The job market for work in IT grew by 8,300 in the past month; the job participation rate was at its highest in months as well
By Serdar Yegulalp
IT job growth jumps for third month in a row - Is there finally light at the end of the IT jobs tunnel? According to Janco Associates's latest IT job market report, the answer is a qualified yes.
Hand in hand with the news that 17,500 IT jobs were created in the last three months comes another piece of positive news: The overall job market participation rate is also up. Granted, it's only up 0.2 percent -- bringing the rate to 63.2 percent -- but it's still an improvement from the flat 63 percent of the beginning of the year, and a further improvement over the 62.75 percent that the economy scraped at the end of last year.
Last month's numbers alone for IT hires are encouraging: up to some 8,300 -- the third straight month that the number of jobs opening in the sector went up. If last month's gains are sustained for another month, that would bring the job participation rate back to its highest point across all of last year.
We're still far from out of the woods, though. Janco's predictions about future IT hiring, based on feedback from 103 CIOs across the last two weeks, indicate that budgets will remain tightly belted and hiring will continue to be slow until the monthly IT job creation rate tops 15,000 a month for several months in a row. This sounds like a bit of a chicken-egg problem, though: will IT hiring only increase if, well, IT hiring increases?
Historic IT Job Market Size - 4.2 Million Employed as IT Pros
This is not the original data that was published.
It has been updated with data complied by Janco Associates with data as of November 2023.
In the last three (3) month the IT Job market grew by 4,300. This chart is not the originally published one, rather it is updated with the current data based on the analysis by Janco Associates, Inc. For the latest IT Employment Data click here.
These bits of good news are reflected elsewhere in the economy as well: an uptick in consumer confidence? now at its highest since January 2008.
Janco's stats about which fields are experiencing the best rates of hiring tilt strongly toward health care and finance/insurance, but they provide little data about which IT skills are hottest. Linux and cloud computing skills are consistently big draws, along with big data (such as Hadoop), mobile app programming, and HTML5.
Many of the most endangered IT skills revolve around technologies that don't scale to meet the needs of the new ?cloud-driven enterprise. Mike Weast, regional vice president of the IT practice at technology staffing company Addison Group, cited Sybase's PowerBuilder as one such technology, with many existing enterprise PowerBuilder apps now rewritten in C#/.Net or Java -- and along with that, a demand for qualified people to build and oversee such projects. "Program managers and business analysts are always in need," he added.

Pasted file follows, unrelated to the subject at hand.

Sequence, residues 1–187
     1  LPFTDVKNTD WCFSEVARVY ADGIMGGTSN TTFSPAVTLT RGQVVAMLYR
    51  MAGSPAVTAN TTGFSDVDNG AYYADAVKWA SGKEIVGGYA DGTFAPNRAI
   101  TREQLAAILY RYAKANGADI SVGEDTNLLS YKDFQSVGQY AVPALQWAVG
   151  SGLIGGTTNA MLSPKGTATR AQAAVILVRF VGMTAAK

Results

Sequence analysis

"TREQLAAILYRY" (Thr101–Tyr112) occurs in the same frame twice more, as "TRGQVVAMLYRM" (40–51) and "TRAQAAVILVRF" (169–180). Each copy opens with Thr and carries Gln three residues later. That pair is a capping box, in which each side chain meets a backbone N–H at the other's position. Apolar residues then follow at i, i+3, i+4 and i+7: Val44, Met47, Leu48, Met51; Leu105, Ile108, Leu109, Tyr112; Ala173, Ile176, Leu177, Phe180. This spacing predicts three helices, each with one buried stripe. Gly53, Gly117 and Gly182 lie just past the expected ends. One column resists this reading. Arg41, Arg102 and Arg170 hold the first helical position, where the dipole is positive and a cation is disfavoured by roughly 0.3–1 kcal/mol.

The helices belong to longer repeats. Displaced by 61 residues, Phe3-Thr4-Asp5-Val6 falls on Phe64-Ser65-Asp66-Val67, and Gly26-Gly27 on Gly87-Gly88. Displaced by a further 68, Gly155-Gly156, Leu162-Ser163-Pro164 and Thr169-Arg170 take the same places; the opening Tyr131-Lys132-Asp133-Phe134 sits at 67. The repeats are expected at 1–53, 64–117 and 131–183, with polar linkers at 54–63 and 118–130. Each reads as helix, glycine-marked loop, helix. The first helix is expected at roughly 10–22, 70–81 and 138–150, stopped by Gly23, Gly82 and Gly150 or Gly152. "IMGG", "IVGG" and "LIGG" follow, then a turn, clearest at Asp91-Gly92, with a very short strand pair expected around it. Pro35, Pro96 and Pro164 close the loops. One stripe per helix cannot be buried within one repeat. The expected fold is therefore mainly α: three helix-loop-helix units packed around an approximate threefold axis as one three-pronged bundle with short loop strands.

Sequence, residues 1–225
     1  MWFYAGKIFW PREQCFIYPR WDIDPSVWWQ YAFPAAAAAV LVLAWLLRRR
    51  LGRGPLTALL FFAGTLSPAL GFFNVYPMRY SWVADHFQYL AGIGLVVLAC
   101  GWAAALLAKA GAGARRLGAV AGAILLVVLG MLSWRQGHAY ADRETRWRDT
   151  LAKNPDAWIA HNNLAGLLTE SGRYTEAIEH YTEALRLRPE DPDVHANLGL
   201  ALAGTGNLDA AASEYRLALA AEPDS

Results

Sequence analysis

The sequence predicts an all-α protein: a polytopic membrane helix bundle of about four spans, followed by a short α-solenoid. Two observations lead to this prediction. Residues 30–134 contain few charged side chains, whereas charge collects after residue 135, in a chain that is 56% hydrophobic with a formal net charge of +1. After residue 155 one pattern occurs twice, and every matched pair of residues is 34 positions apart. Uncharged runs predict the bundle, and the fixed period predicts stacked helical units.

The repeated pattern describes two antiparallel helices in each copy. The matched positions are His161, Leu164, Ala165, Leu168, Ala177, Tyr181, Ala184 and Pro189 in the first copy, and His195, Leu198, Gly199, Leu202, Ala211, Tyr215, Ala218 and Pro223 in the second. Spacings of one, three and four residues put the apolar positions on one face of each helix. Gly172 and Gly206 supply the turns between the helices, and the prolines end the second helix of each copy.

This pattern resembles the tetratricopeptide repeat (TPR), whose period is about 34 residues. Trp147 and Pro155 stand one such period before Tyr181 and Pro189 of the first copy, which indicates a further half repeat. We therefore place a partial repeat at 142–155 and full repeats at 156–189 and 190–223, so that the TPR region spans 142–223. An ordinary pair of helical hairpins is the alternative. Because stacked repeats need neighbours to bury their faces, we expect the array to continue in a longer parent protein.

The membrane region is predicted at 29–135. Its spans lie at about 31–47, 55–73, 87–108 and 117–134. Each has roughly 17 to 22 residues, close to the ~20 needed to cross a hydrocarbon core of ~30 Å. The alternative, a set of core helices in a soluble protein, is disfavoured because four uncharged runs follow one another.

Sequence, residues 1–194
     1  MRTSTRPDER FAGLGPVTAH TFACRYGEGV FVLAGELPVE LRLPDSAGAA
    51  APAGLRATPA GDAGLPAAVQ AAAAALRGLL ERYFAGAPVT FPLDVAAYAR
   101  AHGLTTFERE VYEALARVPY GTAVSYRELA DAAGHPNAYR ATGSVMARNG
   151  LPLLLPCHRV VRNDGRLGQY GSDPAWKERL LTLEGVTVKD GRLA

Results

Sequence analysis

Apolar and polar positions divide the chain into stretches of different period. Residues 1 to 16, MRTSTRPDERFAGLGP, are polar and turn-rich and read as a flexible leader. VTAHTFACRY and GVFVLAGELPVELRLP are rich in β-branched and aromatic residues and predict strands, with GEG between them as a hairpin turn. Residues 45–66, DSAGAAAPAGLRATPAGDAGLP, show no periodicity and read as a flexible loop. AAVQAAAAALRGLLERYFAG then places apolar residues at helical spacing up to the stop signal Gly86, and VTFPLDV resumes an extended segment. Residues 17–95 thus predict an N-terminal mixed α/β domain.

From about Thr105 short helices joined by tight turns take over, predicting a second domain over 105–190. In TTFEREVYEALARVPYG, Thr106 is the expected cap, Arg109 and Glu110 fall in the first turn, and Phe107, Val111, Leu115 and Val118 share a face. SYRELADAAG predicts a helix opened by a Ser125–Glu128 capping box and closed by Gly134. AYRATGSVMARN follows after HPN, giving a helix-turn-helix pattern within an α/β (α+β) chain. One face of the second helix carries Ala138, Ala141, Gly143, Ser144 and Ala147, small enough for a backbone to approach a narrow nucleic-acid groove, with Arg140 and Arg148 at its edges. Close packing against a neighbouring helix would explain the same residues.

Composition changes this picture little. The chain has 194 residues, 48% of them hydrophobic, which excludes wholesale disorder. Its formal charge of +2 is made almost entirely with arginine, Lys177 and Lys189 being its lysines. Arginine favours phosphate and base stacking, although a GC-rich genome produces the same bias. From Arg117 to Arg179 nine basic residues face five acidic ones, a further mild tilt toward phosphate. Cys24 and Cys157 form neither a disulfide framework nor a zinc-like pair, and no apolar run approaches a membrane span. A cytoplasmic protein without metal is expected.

As virtualization takes over the data center, server administration is another job that is likely to be endangered, Weast believes. "If I'm on the infrastructure side of the house," he said, "I'm going to want to run up the ladder to be a network admin. "
A robust hiring trend for IT Professionals - the recovery is slowing however, there are a number of jobs unfilled by IT Pros. The primary culprit is the lack of qualified individuals to fill the open positions. In our opinion, the IT Job Market is currently at no growth!
Based on BLS data analyzed by Janco in the first 3 quarters of 2022 an average of 200K IT jobs remained unfilled due to a lack of qualified individuals. In 2023 the number of unfilled jobs has fallen to around 100K.
The number of unfilled jobs trend line is down as the economy softens and CIOs and CFOs look to control costs and eliminate requisitions for positions that cannot be filled. There was a major pullback of the number of excess jobs for IT Pros occurred in December - layoffs have impact on number of unfilled jobs available for IT Professionals.
IT Hiring Slows
The latest data for more read on...
Note - data includes the adjustments by the BLS to the initially reported data.